09-02-2017 06:40 PM
I have an HP Envy Phoenix 860-090na "performance" desktop. This PC was advertised as being overclockable when I bought it. It has a intel i7 6700k CPU, which is very overclockable yet whenever I try to overclock it, the CPU downclocks and refuses to maintain the clockspeed. This is despite trying to change the voltage and there is absolutely no throttling of any kind. I would like to know why it won't overclock and what can be done about it. Thanks very much for your time.
09-02-2017 07:35 PM - edited 09-02-2017 07:53 PM
The only way that I am aware of to overclock this PC is to use Intel's Extreme Tuning Utility.
HP limits BIOS overclocking capabilities to prevent unnecessary warranty claims due to user error.
You could also have thermal throttling happening when using the limited BIOS tweaks HP provides.
Have you checked CPU temps when overclocking?
09-02-2017 08:35 PM - edited 09-02-2017 08:40 PM
Hi! Thanks very much for your response. I was originally overclocking using the Extreme Tuning Utility but it still did not work.There was no thermal thorottling as reported by both AIDA64 during stress testing and the XTU software. The temps bweing reached were in the low 70C range.
09-02-2017 08:53 PM
Okay, sounds good. Low 70's is fine. How about MB temps and graphics card temps? Were they okay?
The only thing I can say is HP designs their motherboards to limit overclocking.
This is a business decision to limit excessive warranty claims.
I have a custom built system with an Asus motherboard, i7-6700k, and an Asus Strix 1080. that I use to game and overclock. I can beat the MB, the processor, and the graphics card into the ground if I want. The system becomes unstable and gets very hot if I push too hard.
So I don't do this. Or be careful when overclocking.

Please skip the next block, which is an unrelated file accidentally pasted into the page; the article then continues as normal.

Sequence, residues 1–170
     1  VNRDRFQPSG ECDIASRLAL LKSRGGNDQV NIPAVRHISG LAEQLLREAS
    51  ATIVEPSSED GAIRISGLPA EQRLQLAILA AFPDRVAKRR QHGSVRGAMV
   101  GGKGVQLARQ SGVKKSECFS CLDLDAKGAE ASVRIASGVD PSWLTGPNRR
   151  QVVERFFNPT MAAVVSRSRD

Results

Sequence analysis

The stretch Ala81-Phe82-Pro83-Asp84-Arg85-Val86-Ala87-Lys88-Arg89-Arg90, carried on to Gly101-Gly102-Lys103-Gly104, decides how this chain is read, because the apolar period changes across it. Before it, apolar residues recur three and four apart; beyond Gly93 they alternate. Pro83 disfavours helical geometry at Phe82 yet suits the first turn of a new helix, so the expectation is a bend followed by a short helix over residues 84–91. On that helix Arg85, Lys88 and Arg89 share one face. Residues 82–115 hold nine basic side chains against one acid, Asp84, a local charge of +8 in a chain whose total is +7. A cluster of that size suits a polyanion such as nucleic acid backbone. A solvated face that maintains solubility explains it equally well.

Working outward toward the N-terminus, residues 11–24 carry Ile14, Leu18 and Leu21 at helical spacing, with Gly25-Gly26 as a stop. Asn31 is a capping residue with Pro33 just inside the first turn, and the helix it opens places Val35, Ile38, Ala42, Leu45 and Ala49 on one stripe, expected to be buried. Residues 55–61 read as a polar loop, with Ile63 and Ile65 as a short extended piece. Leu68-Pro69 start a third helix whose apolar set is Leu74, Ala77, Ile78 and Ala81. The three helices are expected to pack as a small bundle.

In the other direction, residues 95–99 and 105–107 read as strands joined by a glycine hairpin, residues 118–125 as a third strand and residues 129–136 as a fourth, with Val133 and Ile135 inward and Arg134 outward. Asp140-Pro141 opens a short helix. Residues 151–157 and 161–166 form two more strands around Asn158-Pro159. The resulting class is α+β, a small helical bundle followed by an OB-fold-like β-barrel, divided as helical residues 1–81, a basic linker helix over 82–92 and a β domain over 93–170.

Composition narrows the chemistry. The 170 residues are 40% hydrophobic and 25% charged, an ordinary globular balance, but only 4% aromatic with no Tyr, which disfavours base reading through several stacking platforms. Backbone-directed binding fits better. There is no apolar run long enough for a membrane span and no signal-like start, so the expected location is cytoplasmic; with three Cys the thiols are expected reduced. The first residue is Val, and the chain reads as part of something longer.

Build your own system using a MB designed for extreme overclocking if you want to do some serious overclocking.
Small system builders won't warranty their builds if the user is going to overclock the PC.
I won't warranty my systems or will not build the system if I know the customer is going to overclock.
09-02-2017 09:06 PM - edited 09-02-2017 09:14 PM
Thanks again for your reply. I really appreciate your time. I suspected this might be the case. It is really bad that HP have been falsely advertising their desktops. I will need to replace it with a micro ATX Z170 board as this will be the same form factor as the terrible Pegatron board HP put in this PC. It also means I will have to buy a new OS as the version of windows 10 I am using is OEM. I would also have to replace the RAM so that the RAM I use is on the QVL list .
09-02-2017 09:14 PM - edited 09-02-2017 09:21 PM
Good luck with your build.
Check the proprietary front panel connections HP sometimes uses as they may not play well with the front panel pinouts on industry standard motherboards.
The MB standoff positions in the HP chassis you have may not match an industry standard motherboard.
Check airflow in your HP chassis. Remember, HP designs their cases to provide adequate airflow when using specified components at normal operating conditions.
There is nothing wrong with that. But the cases are not designed for overclocking.
09-02-2017 09:24 PM - edited 09-02-2017 09:31 PM
Hi Grzwacz. I have decent computer knowledge but I am still a bit of a noob to be honest. What are telltale signs that the connectors are proprietary? Tomorrow I will hopefully open up the case and check how cramped the case is. I would be wholly disappointed and irritated with HP if the connectors are proprietary. If they are, then I suppose buying an OEM, pre-built PC is a rather expensive mistake on my part. The PC does contain a 980Ti which I also wanted to watercool in the future by mounting a CPU AIO cooler onto something like a Kraken G12. No doubt I would probably be reusing this even for a new build.
09-02-2017 09:36 PM
This diagram may take a while to show up. it has to be approved by the forum.
I don't have a diagram of an HP FP connection. You would have to compare this to the FP connections on your existing HP MB.
This is what the industry standard is for ATX motherbords:
09-02-2017 09:42 PM - edited 09-02-2017 09:44 PM
I know the spec of the motherboard if that is any help to you. It's a (terrible) Pegatron Thimphu 2B4B. So irritated that HP cut so many corners with this PC. The PSU is only 500W which isn't technically enough to safely run the 980Ti lol.
09-02-2017 09:48 PM - edited 09-02-2017 09:50 PM
I have never seen specs on what the front panel connectors on the newer HP cases, such as yours, look like.
I did reverse engineer some older HP cases and found proprietary connectors to the motherboard. The MB pinouts were proprietary to match the FP case connectors.
The MB standoffs on the older cases did not match industry standards.
Your MB tray standoffs and front panel connectors may be okay.